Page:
The final chapter is not the whole story
Depression, mental illness, addictions, personal challenges…there are many reasons someone might choose to end their life. Sometimes there are clues that someone is considering this decision. Sometimes people receive all kinds of needed mental health support in the hopes that they will not take their own life, and yet they do. Other times, a person’s intentions are carefully hidden from family and friends – and a suicide death comes as a total, unspeakable surprise.
Still, for the surviving family members the truth is – a death has occurred. A family has lost a loved one. A sudden, many layered grief has arrived.
As a funeral celebrant who has performed funerals in the case of suicide death – surviving family members have been teaching me about how they cope with their loss. Recently a family chose to speak of their loved one’s death by saying that she died of her depression. And while they grieved this terrible loss, they also wanted to celebrate the life she lived. Just as in any other death, this individual was not defined by how she died. She was defined by how she lived.
Families have taught me that while there is deep sadness and unanswerable questions, there are also stories to name and share about who their loved one was. Sharing these stories, reminiscing, honoring and naming all the wonderful ways that a person lived are essentials to celebrating their life. When possible, family and friends choose to share the stories themselves. And when it’s too difficult, they give me the stories and I share them. The essence is the same; through stories, pictures, music, video tributes and more, we remember together the full life that their loved one lived. The story that is way beyond the immediate one about how that person died.
As a celebrant, I have an opportunity to observe how any family, after a death, is embraced by their community. Friends show up. Caregiving comes in many shapes; friends step up and provide extra house cleaning, make the guest beds, pick up children, run errands and bring food. Caring memorial gifts arrive too – flowers at the funeral home, potted plants, wind chimes, throw blankets with pictures of the loved one, photographs and more. Social media becomes a place where memorial messages are left – tributes and stories and memories appear.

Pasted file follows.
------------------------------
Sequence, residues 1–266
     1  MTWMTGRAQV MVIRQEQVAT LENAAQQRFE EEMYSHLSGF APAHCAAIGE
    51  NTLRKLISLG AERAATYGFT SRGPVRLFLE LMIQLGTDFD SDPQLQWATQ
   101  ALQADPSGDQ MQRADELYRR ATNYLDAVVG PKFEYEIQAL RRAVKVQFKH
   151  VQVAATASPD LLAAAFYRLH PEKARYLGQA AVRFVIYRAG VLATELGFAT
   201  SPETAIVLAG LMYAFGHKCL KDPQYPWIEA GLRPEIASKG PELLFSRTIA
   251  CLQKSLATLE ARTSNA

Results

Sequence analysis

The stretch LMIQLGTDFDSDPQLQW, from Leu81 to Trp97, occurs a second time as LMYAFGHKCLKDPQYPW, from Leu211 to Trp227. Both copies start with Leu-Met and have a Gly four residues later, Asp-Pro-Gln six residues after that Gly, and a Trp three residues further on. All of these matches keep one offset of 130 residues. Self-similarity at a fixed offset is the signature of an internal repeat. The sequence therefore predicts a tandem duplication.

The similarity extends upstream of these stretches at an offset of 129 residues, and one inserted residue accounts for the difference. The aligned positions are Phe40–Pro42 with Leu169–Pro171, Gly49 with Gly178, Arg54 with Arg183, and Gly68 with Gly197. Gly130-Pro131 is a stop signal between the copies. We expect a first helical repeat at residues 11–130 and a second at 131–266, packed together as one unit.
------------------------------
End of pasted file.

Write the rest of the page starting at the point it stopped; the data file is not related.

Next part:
Comfort is needed in the immediate aftermath of the death and the memorial service. And it will be needed in a wide variety of shapes in the weeks and months to come. Since a recent suicide death, one family has experienced support through a daily phone call from a longtime friend. The call comes at the same time each morning. And, when they are able the family answers. When they don’t feel up to the brief call, the friend leaves an encouraging message that can be listened to later. The calls have continued for weeks. And are felt support whether the surviving family member answers the phone on any given day.
Another family continues to receive notes and cards and texts on the anniversary of the death of their loved one; a way of honoring that individual and supporting the family from afar. Family members may find comfort in attending a suicide survivor’s support group. Some family members might find individual support in the form of counseling. And participation in local suicide prevention walks and events may also bring comfort. There are as many ways to cope with this loss as there are individuals.
While it may seem that funeral homes are the first responders – they can also be a place of on-going support. Websites, blog posts and community connections can be found at Hansenspear.com. Struggling with the suicide death of a loved one is hard. We all need one another for care, comfort and support after the death of a love one.
Deb Brandt (formerly Buehler) has blogged for Hansen-Spear Funeral Home in the past. She took time away from her writing after the death of her sister in 2017. She is a certified funeral celebrant, certified creative grief practitioner and professional writer. She works virtually and in-person with individuals and families as they tell their stories of grief and loss. Deb co-authored The Hollowed Heart; Inspiration for Women Awakening from Grief and Loss. You can learn more about Deb and her services at www.growingbeyondgrief.com or contact her directly at firstname.lastname@example.org